9. Wished For You - Squirrel Nut Zippers
  10. Rat Tomago - Frank Zappa
It’s Friday. What are you listening to?


Friday morning. I’m feelin’ fine,
’Cause I’m sailing on Friday Ark 149.
With all manner of kitties and other beasts
From the noble egret to the lowly yeast,
The Ark celebrates the creatures of the Earth
And provides Bloggy-Linkage, for what it’s worth.

Friday Ark #149 is afloat at the Modulator.

Carnival of the Cats #175 will be posted Sunday evening at This, That, & The Other Thing. Looks like last week’s little imbroglio over the Blog Carnival folks dropping CotC off their list has resulted in a bunch of folks signing up to host: good news.

Update: CotC #175 is up.

Thursday, July 26, 2007


Jackass Jacket
Elisson models a classic Jackass Jacket.

Last month, as we were wandering around the Silver Sands Outlet mall in Destin (a favorite pastime when we’re not lounging around on the beach or drinking), I took a quick stroll through Brooks Brothers, long-time home of Notoriously Republican Clothing. That’s where I saw this lovely Jackass Jacket.

Brooks Brothers, it should be explained, is a purveyor of clothing for the Gentleman (or Lady) of Extremely Conservative Tastes. Three-button sack suits are popular today, but at BB, they’ve never gone out of style. Button-down oxford shirts? Get ’em right here. Rep ties? Hell, yes.

If you have a jones for a seersucker suit, the kind of suit that Southern gentlemen have worn on hot summer days for generations, you can find one just for you at Brooks Brothers. You can even get a jaunty straw hat to wear with it, Strom.

And Jackass Pants.

What? You’ve never seen Jackass Pants? Oh, of course you have. Hang out at any country club. Any prep school. Any Ivy League fraternity (or eating club, in the case of Princeton). You will eventually see someone sporting those infamous patchwork bleeding Madras-cloth pants, the kind that overheat the retina and pain the brain. Jackass Pants. Only Republicans need apply.

And here I found a fine Sport Jackass Jacket to go with ’em.

My Daddy used to own a pair of Jackass Pants. I think he may have used ’em to play golf in...at least, until the rest of his foursome told him to knock it off, as the stress of having to hold back laughter on the tee-box was interfering with their play. Or until they suffered an unfortunate Dry-Cleaning “Accident”...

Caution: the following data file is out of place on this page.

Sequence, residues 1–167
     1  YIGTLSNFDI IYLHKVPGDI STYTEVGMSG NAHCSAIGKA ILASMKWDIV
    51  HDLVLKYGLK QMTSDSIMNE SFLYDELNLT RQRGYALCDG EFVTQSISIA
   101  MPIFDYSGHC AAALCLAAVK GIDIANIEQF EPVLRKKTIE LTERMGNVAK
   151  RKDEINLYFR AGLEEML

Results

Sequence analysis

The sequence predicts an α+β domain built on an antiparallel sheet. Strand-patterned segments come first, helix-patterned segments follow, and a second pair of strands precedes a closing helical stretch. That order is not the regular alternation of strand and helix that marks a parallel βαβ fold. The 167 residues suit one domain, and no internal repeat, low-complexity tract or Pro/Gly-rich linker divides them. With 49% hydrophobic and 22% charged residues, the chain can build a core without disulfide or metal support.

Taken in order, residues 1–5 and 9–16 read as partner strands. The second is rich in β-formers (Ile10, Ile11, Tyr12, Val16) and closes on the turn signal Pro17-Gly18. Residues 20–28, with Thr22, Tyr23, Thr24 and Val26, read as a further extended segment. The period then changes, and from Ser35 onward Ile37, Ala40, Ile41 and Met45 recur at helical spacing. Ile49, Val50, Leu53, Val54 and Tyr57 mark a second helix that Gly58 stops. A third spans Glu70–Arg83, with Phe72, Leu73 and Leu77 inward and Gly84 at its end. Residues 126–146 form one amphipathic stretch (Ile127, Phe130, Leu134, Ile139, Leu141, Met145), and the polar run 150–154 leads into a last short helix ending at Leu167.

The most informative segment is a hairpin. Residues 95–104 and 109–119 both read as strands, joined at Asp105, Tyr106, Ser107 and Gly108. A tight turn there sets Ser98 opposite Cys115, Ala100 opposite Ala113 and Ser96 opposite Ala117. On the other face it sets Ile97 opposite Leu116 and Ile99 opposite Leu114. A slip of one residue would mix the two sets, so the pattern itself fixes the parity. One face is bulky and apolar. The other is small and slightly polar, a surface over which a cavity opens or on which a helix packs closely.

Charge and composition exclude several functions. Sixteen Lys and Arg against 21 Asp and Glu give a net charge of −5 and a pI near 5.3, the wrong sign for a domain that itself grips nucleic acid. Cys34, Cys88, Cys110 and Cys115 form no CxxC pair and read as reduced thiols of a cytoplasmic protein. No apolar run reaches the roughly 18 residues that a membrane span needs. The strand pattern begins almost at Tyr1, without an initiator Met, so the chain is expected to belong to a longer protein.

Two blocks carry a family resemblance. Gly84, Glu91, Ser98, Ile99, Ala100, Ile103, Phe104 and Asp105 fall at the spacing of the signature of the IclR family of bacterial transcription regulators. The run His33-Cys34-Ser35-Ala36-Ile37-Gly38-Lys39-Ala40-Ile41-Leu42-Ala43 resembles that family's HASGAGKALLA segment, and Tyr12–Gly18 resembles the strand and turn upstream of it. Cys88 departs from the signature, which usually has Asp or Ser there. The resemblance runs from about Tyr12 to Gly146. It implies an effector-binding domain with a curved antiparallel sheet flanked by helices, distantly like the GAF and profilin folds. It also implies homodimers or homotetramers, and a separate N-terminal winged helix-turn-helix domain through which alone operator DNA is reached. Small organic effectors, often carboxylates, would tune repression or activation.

...and it’s just as well, because it’s against the law in most states to wear Jackass Pants if you have voted Democrat within the past four Presidential elections. Believe me: they check.

Now, there’s irony for you: Clothing bearing the name of the symbol of the Democratic Party...yet only Republicans, it seems, would be caught dead in it.

Admit it. Don’t you want a pair of Jackass Pants of your very own?

Jackass is the new black!


I seem to have a problem with the way my sidebar is displaying in Firefox.

It has shifted to the extreme right of the screen...and everything in it is centered. (Normally, some elements are centered, but not the whole frickin’ thing!) And now the footer has spread across the entire screen, no longer satisfied to stay in its box.

In IE, the sidebar is also all centered, but it drops to the bottom of the index page instead of cramming itself to the far right of the screen. And the footer does the same nutty thing it does in Firefox.

Anyone know what’s going on? Is this a Blogger issue? This all happened without my having made any template edits, so I’m guessing it has something to do with Blogger.

I’m pretty nitpicky about how my site looks, so you can imagine that this issue is driving me nuts. And, friends, it’s a short drive.